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AW 107 on separation report

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vbeck1
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2008/07/18 15:05:00 (permalink)
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AW 107 on separation report

In the remark portion of my dad's separation report it states "No time lost under AW 107". This is not in the dictionary part of the website. Can anyone tell me what it means?  V.Beck, Proud daughter of Victor P. Jones, 409th BS, 93rdBG, 8th Army Air Force
Philgrin
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RE: AW 107 on separation report 2008/07/18 15:17:26 (permalink)
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What would we do without Google ? Found this site which answers the question.

http://wiki.answers.com/Q/What_is_AW107_in_military_terms

Phil
Terry T.
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RE: AW 107 on separation report 2008/07/18 16:01:21 (permalink)
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Well I came across AW-107 ..that no time was lost as a result of hospitalization.
 
Terry T.
vbeck1
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RE: AW 107 on separation report 2008/07/18 17:37:54 (permalink)
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Thanks guys! I think I am making this harder than it should be.  I even dream about this stuff.  Perhaps a few days off would be in order. Thanks again.
Yunch
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RE: AW 107 on separation report 2008/07/19 07:47:36 (permalink)
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Vicki,
The infraction your Dad incurred must have been a minor one if he did not have to make up lost days before being discharged and if there was any punishment, it was metted out by by his immediate superiors.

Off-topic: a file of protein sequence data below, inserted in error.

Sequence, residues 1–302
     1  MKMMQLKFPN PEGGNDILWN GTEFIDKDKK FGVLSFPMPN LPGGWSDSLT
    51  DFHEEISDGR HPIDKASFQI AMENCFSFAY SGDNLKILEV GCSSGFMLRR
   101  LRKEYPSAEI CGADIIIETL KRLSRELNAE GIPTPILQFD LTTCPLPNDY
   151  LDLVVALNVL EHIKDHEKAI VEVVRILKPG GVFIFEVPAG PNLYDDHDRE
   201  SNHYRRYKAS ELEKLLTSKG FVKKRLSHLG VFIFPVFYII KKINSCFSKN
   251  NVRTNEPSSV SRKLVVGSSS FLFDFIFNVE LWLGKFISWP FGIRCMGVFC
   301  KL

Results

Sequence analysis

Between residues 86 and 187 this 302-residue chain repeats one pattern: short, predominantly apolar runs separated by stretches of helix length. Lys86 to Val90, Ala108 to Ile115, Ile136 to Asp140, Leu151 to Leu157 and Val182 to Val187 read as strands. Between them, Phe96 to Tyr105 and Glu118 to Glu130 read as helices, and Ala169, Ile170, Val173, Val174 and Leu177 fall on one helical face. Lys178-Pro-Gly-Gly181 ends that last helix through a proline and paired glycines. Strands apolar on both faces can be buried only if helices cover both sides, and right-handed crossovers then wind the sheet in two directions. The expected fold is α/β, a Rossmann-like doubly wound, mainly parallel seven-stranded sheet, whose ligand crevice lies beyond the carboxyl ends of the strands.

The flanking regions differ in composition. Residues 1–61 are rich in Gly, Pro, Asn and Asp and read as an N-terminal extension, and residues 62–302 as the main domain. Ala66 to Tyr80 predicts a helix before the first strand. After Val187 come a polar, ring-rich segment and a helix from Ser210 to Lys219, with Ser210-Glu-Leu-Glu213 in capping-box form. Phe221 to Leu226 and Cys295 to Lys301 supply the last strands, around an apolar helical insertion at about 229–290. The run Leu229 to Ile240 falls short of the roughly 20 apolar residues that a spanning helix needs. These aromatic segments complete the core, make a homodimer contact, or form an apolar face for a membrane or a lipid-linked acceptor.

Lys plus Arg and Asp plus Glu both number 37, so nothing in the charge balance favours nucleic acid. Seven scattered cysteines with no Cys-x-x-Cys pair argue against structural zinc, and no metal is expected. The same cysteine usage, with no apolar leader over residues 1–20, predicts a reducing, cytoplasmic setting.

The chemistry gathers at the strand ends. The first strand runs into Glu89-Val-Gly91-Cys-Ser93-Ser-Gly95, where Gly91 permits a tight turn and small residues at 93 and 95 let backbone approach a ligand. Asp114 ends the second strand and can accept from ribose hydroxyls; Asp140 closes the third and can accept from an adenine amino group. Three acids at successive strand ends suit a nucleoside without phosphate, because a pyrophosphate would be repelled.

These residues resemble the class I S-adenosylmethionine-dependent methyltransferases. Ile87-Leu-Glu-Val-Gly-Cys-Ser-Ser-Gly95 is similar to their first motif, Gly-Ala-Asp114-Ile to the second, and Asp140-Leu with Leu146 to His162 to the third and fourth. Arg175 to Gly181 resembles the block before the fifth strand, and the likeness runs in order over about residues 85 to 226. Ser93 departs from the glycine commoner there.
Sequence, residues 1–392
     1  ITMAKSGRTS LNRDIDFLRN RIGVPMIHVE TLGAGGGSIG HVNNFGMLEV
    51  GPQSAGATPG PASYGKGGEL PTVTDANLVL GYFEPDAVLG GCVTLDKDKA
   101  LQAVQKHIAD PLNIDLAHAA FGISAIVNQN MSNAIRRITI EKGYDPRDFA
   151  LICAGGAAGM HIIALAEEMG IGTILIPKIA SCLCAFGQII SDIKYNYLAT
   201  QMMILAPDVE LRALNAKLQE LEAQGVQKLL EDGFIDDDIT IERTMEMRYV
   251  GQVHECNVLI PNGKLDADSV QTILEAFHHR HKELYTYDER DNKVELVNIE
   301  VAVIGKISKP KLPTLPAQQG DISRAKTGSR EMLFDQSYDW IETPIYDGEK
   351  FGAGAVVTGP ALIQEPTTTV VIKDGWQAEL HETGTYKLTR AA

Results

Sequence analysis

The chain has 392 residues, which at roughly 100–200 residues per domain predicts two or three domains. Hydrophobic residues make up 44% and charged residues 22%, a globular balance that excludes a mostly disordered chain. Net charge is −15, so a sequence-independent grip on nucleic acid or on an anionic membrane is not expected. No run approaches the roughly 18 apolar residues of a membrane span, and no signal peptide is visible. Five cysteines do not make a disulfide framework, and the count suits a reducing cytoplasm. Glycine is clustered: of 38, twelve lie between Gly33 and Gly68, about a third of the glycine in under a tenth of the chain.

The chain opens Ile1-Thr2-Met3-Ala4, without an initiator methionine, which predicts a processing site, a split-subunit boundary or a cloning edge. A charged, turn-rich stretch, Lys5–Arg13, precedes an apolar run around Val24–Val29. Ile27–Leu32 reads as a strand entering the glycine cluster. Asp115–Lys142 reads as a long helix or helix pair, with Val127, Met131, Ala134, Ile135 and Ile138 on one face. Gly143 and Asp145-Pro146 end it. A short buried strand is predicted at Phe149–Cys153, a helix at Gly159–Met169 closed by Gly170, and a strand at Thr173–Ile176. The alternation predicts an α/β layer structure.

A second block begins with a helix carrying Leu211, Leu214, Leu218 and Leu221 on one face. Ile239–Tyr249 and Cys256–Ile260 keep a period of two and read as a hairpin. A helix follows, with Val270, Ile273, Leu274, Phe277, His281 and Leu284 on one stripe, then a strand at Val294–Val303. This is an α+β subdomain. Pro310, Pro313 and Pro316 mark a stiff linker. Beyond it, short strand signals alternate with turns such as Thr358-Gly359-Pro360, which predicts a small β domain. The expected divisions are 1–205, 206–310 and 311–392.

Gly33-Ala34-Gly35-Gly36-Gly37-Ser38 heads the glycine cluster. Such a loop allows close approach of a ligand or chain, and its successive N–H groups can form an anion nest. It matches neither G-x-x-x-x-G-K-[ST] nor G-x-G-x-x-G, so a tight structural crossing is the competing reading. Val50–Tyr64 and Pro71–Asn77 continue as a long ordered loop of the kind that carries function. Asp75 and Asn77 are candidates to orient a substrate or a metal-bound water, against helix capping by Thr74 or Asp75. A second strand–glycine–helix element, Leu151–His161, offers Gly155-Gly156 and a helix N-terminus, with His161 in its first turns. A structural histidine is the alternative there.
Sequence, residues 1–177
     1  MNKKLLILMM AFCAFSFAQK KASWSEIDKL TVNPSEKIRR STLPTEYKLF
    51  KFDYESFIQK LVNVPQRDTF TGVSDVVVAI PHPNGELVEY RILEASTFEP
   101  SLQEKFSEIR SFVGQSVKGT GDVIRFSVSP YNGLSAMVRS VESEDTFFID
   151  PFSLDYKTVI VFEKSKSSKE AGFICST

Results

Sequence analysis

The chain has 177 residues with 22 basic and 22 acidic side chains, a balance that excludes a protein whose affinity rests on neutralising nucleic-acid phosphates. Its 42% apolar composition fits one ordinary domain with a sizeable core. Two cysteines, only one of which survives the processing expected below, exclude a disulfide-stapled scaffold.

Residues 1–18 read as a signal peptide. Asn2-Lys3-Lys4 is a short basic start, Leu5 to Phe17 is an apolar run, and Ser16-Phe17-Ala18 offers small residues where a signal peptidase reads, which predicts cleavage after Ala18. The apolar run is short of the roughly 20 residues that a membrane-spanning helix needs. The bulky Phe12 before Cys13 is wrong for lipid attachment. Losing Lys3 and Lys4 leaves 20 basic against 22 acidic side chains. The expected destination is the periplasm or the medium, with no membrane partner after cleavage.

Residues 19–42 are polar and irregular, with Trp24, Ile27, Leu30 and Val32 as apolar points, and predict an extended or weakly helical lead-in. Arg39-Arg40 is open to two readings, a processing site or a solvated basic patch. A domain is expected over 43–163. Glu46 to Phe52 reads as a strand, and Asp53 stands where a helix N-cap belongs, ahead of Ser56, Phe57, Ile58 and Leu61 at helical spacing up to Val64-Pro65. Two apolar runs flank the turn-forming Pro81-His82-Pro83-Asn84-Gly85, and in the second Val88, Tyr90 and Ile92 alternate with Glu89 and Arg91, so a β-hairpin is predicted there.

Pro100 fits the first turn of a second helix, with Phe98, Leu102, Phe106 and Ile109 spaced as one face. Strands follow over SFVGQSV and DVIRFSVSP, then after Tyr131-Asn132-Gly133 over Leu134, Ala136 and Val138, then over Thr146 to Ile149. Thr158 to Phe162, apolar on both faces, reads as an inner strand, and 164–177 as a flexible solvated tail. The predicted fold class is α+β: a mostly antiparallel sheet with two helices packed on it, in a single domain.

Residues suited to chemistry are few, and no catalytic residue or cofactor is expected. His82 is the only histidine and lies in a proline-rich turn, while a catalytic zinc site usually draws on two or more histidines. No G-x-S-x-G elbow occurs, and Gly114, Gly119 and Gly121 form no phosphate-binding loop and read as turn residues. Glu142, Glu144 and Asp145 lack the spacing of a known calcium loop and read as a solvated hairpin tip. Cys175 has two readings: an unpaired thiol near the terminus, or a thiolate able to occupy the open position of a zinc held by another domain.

Two types of infractions;
My self; With two other guys, borrowed the Captains Gig, (his personal boat) and went sight seeing among the ships in the harbour at night. Boat was reported, stolen/adrift to other ships, harbour begining to lite up like Times Square with search lites from the ships looking for the "Gig", caught upon return. Punishment, captains Mast, confined to ship with 30hrs extra duty.
Fellow Jerseyite; Left his ship, picked up in his home town at a bar by SPs, 42 days later. Summary Court Marshal, Monetary fine, also pay for cost of two SPs, brig time while awaiting trial. Before being discharged he had to make up all his lost time. Had he been picked up on the 45th day of being AWOL he would have recieved a General Court Marshal, with big time Brig time.  

Fair Winds and Following Seas,   John
GM 3/C USS Snowden DE246--Frost DE144

Kin to LT. John W. Farnkopf  
15th AF, 52 FG, 4th FS
MIA 11/11/44 remains found 12/8/53
"Freedom is not free, it is paid for" 
PA.Dutchman
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RE: AW 107 on separation report 2008/07/19 13:39:49 (permalink)
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Dear Cadet,
 
Thank you for asking this question for several of us who never did.
 
Keep asking your questions, you have come to the place to get them answered, sometimes very nicely sometimes not.
 
Know there are a lot of us asking the same thing in our heads who never asked this one and I appreciated you asking this.   
 
My Father had this same thing on his separation papers. You confirmed what I suspected, thank you again.

Sincerely, PA.Dutchman